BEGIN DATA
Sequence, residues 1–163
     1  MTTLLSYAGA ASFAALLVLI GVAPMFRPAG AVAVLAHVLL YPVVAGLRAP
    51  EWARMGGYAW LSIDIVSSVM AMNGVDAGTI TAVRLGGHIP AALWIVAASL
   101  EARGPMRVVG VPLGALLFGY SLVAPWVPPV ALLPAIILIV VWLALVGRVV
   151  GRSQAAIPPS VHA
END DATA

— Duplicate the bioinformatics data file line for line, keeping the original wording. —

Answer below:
Sequence, residues 1–163
     1  MTTLLSYAGA ASFAALLVLI GVAPMFRPAG AVAVLAHVLL YPVVAGLRAP
    51  EWARMGGYAW LSIDIVSSVM AMNGVDAGTI TAVRLGGHIP AALWIVAASL
   101  EARGPMRVVG VPLGALLFGY SLVAPWVPPV ALLPAIILIV VWLALVGRVV
   151  GRSQAAIPPS VHA